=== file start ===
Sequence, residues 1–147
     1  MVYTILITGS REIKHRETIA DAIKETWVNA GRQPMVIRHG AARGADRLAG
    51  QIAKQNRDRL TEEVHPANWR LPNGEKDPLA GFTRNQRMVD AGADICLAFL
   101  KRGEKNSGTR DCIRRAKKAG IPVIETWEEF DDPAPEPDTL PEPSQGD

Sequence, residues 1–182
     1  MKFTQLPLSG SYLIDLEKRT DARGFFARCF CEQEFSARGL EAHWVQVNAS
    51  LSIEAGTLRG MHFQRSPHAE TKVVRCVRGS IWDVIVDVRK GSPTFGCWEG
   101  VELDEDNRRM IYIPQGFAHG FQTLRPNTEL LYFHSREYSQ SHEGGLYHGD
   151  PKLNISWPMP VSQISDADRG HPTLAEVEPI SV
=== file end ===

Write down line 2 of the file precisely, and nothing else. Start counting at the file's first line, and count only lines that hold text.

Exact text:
     1  MVYTILITGS REIKHRETIA DAIKETWVNA GRQPMVIRHG AARGADRLAG